Re: [sixties-l] The Other Dr. King

From: Ted Morgan (
Date: Wed Feb 21 2001 - 09:22:47 EST

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    Question to radman: I think this is at least the second such
    column/essay you've sent along like this, with a title, date, and some
    good text, but no attribution. Are you writing these? Would like to
    know, in case I want to cite or refer to them. I've certainly seen this
    highly relevant argument about King the Icon vs. King the hidden reality
    several times before, but this one is well put.

    Ted Morgan

    radman wrote:

    > Forgotten History - Tuesday, February 20, 2001
    > "Little known facts and overlooked history"
    > The Other Dr. King
    > Each year we hear of many well deserved tributes to Dr.
    > Martin Luther King Jr., who was one of the great Americans
    > of the 20th century. But if someone looked closely at the
    > records they would ask, if one only followed the media, did
    > Dr. King die in 1965 or in 1968? There seems to be a three-
    > year gap where the efforts of Dr. King are never discussed.
    > Why don't they ever mention what happened after 1965?
    > This is because the national media refuses to come to grips
    > with what Dr. King stood for in his final years. Soon after
    > the passage of the civil rights bills of 1964 and 1965, Dr.
    > King began to assert that the just recently passed laws were
    > meaningless without basic "human rights." Dr. King began to go
    > in another direction. He said that the right to a job, the
    > right to afford a decent home were the next stages of the
    > civil rights movement. He began to talk about a radical
    > redistribution of "political wealth and economic power."
    > What Dr. King was trying to do was move beyond the civil
    > rights movement and into the area of class perspective. He
    > understood that the majority of Americans below the poverty
    > line were white. Dr. King spoke out against the wide dis-
    > parity between the rich and the poor. "True compassion," said
    > Dr. King. "Is more than flinging a coin to a beggar; it comes
    > to see an edifice which produces beggars needs restructuring."
    > He began to question the war in Vietnam and the whole direct-
    > ion of American foreign policy. In his "Beyond Vietnam" speech
    > at Riverside Church on April 4, 1967, a year before he was
    > murdered, Dr. King described the United States as "the great-
    > est purveyor of violence in the world today." He said that we
    > were on the wrong side of the revolutions across the globe. Dr.
    > King argued that the U.S. was suppressing justified revolts
    > instead of helping them. King maintained that the West was
    > investing "huge sums of money in Asia, Africa and South America,
    > only to take the profits out with no concern for the social
    > betterment of the countries.
    > For this he was denounced by the national press. The Washing-
    > ton Post said that "King has diminished his usefulness to his
    > cause, his country, his people." The New York Times called it
    > "demagogic slander." The liberals, who had started the war in
    > Vietnam, attacked him as well. They were joined by academics
    > like John P. Roche of the Americans for Democratic Action who
    > commented to President Johnson that Dr. King's speech "indi-
    > cates that King, in desperate search for a constituency, has
    > thrown in with the commies...The civil rights movement is shot,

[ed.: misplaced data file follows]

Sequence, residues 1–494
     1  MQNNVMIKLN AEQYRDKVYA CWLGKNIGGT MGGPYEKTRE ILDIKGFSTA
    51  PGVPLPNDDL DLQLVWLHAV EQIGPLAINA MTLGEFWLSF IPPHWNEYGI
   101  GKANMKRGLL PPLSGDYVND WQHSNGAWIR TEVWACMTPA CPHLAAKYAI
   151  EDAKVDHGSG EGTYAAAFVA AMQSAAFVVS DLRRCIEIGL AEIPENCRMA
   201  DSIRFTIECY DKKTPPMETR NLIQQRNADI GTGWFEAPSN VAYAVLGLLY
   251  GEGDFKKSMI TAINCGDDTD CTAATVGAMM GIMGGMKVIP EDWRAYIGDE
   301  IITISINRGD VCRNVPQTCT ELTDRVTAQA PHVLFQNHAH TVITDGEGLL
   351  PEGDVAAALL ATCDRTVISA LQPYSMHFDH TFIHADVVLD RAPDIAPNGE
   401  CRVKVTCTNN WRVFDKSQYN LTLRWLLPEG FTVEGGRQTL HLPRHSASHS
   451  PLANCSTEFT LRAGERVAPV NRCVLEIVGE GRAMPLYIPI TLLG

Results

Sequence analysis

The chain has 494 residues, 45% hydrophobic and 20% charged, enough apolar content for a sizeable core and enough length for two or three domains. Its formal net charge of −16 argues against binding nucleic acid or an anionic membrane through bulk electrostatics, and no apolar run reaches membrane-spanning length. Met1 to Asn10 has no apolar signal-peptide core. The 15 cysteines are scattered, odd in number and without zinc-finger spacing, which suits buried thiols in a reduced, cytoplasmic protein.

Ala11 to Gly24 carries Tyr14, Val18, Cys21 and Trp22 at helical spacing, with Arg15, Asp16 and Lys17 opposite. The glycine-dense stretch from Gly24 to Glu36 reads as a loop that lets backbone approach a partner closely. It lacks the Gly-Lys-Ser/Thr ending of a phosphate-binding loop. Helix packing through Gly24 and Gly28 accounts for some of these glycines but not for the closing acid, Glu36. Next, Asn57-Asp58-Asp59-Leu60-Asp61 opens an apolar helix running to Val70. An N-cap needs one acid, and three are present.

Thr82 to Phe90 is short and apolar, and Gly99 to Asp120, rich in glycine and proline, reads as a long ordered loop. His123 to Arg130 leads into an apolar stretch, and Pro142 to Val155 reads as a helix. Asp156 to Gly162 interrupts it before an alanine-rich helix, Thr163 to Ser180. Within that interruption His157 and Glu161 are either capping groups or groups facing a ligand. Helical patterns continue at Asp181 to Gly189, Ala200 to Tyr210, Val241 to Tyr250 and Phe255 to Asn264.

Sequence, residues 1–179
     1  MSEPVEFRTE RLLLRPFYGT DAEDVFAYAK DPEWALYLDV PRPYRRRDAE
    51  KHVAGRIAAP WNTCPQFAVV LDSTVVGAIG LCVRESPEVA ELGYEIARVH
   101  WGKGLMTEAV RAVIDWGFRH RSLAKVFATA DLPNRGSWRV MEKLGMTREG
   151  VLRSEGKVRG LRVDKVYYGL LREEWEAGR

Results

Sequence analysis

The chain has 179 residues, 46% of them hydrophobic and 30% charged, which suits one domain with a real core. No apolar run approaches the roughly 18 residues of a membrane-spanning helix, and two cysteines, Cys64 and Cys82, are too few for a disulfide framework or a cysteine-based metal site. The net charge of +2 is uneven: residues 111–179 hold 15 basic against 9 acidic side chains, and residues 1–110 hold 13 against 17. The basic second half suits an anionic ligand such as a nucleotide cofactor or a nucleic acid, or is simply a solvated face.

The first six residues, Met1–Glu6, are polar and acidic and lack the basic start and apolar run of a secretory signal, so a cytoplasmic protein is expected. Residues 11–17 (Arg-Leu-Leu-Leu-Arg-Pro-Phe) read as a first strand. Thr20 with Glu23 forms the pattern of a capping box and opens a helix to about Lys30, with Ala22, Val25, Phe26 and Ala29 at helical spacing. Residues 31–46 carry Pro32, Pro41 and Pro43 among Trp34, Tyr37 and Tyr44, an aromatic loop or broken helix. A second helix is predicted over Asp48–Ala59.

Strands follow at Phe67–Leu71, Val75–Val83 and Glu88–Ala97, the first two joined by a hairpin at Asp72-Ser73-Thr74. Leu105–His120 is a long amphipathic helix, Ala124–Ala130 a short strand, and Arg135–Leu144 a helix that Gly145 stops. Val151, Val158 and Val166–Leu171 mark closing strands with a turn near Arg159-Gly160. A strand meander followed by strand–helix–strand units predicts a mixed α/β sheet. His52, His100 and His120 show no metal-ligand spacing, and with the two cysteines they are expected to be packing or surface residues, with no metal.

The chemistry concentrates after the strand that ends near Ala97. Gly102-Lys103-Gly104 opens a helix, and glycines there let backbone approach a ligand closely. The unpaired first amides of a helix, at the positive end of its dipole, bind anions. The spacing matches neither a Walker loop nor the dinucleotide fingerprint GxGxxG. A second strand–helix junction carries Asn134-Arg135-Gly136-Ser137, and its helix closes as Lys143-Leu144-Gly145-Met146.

> broke and disorganized and King who is inordinately ambitious
    > and quite stupid (a bad combination) is thus looking for a
    > promising future."
    > Black columnist and CIA operative Carl Rowen said Dr. King
    > was "more interested in embarrassing the United States than
    > in the plight of either the Negro or the war weary people of
    > Vietnam." Other Johnson aids said civil disobedience was really
    > "criminal disobedience" and warned against the upcoming "Poor
    > Peoples March." The march would assemble "a multiracial army
    > of the poor" that would descend on Washington and use tactics
    > of nonviolent civil disobedience until Congress enacted a
    > "Poor People's" bill of rights. The Readers Digest labeled
    > it as an "insurrection."
    > Dr. King was asking for was a massive job program that would
    > rebuild American cities. He felt the need to confront a
    > Congress which had displayed its "hostility to the poor." He
    > said the Congress appropriated "military funds with alacrity
    > and generosity and poverty funds with miserliness." Unfortun-
    > ately that sounds as accurate today as in 1968. When people
    > speak about justice for the poor, they are said to be inviting
    > class warfare, when missile defense systems are made for no
    > other reason than to line the pockets of defense contractors,
    > that is called the public interest.
    > Maybe that is why they refuse to tell us about the last years
    > of Dr. King's life. Dr. King died in a labor struggle, fight-
    > ing so that garbage workers could earn a decent living, rather
    > than working forty hours a week and still qualify for food
    > stamps. This is the Dr. King that they never tell us about
    > in the mass media. Perhaps, that should be of no surprise
    > considering what little attention they pay to the plight of
    > millions of Americans and the hatred they have shown to
    > organized labor throughout the years. It's not that the press
    > lies, it's just that they never tell the truth.
    > Sources: Film, The FBI's War On Black America.
    > Film, The Assassination of Martin Luther King
    > David J. Garrow, The FBI and Martin Luther King Jr.

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